By Sara Forcella, See the Triumph Contributor
Being an advocate can hold so many different meanings to different individuals. It can be easy to get caught up in trying to have one definition of what it means to be an intimate partner violence advocate , but the truth of the matter is that there is no one definition of an IPV advocate. One advocate's work may look completely different than another but, this does not mean that one is correct and one is incorrect. Or even that one’s work is good and the other’s isn’t . The most important piece of advocacy work, is that you are doing something; that you are speaking up, supporting a cause, or donating your time to help others. As we’ve discussed previously at See The Triumph, IPV affects everybody; therefore, anybody can become an advocate.
Here are a few tips that can help you better become an effective advocate.
Hone in on your area of passion: One of the most important things about being an advocate is being passionate about your cause. You have to truly believe in what you are working towards! Before you decide to become an advocate ask yourself what am I passionate about-- do I want to work with victims of partner abuse? Do I want to work towards changing policies regarding IPV in the work place? Remember,donating a ton of money to help support a cause is not always as effective as using your passion and voice to rally behind a cause and create change. Also, being passionate about a cause does not always mean that it has to have affected you directly. In this case, you don’t have to have been in an abusive relationship to be a great advocate; you just need to have compassion, do some research and attempt to understand what IPV is and how it affects others. Survivors and service providers of IPV need these kinds of allies! The more folks that rally around a cause, the more likely that their voices will be heard.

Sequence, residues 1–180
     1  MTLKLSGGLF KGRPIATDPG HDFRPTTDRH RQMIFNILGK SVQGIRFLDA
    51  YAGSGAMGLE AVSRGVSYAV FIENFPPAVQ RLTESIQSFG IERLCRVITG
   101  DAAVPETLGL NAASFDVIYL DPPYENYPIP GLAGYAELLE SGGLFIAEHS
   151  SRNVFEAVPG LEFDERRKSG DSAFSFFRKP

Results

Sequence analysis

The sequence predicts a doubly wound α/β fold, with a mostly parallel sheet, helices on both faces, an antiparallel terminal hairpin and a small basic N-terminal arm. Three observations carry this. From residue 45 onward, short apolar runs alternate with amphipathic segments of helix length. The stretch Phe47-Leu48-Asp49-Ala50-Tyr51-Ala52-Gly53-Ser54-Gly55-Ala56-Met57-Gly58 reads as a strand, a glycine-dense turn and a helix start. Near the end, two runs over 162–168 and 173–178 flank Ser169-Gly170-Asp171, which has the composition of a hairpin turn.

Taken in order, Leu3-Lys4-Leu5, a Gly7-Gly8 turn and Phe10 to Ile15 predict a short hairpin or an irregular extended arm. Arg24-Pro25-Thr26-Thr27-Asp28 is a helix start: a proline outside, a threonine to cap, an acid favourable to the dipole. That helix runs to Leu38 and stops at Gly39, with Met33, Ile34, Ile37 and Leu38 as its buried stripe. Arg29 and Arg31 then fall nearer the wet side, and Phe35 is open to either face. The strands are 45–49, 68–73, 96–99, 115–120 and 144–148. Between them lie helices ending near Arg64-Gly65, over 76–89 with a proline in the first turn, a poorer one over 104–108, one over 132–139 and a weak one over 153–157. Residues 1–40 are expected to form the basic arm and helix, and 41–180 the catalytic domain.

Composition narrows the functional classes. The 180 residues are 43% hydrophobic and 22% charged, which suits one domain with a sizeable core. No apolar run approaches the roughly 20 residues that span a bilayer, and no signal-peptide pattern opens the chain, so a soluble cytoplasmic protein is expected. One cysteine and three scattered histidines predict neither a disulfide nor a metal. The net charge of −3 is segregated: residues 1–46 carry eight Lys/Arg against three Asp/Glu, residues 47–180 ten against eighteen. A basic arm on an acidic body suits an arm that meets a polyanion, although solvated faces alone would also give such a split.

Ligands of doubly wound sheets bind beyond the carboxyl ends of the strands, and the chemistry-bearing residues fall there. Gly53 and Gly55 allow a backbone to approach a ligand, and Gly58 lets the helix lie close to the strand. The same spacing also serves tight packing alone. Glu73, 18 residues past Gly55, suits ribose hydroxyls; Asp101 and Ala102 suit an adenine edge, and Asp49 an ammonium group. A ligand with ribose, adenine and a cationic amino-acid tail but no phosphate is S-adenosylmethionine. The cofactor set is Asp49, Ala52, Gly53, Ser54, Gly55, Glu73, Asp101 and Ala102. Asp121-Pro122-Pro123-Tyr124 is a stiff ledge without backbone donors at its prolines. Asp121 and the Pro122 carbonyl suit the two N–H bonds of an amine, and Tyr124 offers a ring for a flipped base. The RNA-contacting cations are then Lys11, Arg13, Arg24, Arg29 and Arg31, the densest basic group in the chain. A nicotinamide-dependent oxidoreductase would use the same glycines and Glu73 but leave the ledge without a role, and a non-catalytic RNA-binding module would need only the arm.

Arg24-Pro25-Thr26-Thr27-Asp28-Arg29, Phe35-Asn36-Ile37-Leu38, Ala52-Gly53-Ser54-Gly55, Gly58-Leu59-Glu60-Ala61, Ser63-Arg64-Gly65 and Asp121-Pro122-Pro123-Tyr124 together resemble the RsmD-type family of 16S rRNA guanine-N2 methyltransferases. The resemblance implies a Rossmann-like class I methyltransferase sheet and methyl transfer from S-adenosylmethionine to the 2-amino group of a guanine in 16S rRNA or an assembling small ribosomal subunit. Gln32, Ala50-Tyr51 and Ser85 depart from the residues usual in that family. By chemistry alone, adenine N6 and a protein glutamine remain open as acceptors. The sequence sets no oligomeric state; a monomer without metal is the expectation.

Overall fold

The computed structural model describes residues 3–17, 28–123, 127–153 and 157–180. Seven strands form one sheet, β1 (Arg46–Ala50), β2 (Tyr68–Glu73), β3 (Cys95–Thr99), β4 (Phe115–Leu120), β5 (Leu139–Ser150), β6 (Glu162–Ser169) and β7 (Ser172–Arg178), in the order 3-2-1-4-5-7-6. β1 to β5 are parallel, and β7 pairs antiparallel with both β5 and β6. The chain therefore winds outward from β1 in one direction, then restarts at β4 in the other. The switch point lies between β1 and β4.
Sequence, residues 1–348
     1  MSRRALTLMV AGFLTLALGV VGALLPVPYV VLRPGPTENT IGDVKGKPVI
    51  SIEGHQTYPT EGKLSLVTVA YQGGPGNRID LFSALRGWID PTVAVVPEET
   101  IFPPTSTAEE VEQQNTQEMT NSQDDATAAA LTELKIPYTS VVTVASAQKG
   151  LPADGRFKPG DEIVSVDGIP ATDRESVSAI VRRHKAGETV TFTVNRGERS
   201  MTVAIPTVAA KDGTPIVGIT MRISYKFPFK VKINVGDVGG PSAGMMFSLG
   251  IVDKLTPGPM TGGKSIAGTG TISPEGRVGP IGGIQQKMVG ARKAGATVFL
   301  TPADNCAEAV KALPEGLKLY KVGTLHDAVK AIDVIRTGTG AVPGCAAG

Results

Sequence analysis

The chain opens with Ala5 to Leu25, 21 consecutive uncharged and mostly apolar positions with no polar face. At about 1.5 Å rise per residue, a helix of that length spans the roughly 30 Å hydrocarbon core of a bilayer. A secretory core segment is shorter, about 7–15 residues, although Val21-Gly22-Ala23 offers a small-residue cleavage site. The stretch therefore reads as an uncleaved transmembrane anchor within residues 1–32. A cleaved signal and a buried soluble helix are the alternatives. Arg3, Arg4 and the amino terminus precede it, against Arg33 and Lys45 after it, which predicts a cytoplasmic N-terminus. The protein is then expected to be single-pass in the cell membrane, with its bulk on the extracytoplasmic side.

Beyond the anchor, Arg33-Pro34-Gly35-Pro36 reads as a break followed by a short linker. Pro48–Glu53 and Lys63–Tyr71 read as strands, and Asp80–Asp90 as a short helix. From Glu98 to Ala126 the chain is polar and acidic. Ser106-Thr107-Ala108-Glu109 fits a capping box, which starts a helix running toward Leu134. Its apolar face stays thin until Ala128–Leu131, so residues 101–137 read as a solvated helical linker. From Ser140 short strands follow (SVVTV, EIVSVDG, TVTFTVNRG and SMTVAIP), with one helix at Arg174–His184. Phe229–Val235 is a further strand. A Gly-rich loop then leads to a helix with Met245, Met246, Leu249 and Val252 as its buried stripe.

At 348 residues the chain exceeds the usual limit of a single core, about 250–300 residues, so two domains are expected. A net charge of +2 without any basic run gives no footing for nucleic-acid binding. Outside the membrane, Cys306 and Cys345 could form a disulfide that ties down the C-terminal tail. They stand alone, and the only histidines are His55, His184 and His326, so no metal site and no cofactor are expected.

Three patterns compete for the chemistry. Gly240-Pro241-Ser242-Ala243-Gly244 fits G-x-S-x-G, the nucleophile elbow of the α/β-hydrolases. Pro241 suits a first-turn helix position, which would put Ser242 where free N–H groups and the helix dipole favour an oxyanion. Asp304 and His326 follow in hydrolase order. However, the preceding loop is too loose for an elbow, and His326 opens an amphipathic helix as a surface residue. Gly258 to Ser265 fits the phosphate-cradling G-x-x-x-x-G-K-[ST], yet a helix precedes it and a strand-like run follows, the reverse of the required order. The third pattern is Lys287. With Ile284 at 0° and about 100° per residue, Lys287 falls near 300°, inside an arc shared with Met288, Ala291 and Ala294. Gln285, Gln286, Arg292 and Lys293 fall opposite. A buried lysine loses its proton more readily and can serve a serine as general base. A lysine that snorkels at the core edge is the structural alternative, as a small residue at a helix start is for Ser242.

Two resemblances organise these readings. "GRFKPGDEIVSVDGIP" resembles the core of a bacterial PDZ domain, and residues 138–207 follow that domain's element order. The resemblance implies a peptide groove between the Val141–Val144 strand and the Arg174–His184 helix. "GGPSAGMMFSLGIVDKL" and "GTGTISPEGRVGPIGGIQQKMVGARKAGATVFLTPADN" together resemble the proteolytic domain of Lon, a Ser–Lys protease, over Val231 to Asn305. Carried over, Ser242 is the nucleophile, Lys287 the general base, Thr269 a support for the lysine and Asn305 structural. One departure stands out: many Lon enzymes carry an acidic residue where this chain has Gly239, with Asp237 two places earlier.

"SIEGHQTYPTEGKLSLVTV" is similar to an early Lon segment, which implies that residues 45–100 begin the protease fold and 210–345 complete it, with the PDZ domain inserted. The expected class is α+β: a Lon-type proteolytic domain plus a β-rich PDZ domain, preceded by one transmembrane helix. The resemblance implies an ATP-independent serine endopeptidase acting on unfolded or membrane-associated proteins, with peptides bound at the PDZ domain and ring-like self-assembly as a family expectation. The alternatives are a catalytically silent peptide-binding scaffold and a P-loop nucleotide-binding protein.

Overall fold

Educate yourself about the cause: While having passion is key to being a successful advocate, it’s also important to be educated about your cause. For instance, it’s critical for IPV advocates to understand what IPV is, it’s dynamics, and how it affects both victims and other members of our communities. Education does not have to be formal, it can be simply doing research of your own. You can also get a better understanding of the ‘Power and Control Wheel’ or develop an understanding of where local shelters are located and how folks can access them. Reach out to the resources offered in your community. Many times women’s shelters offer different kinds of trainings for those wanting to learn more about IPV advocacy.There are also webinars that offer trainings from the comfort of your own home (many of these are free). One of the best ways to learn about IPV is to listen to those who have been affected by it. Some organizations offer spaces where community members and victims can share their stories .Remember, while education does not have to be formal, you do need to understand what and who you’re advocating for!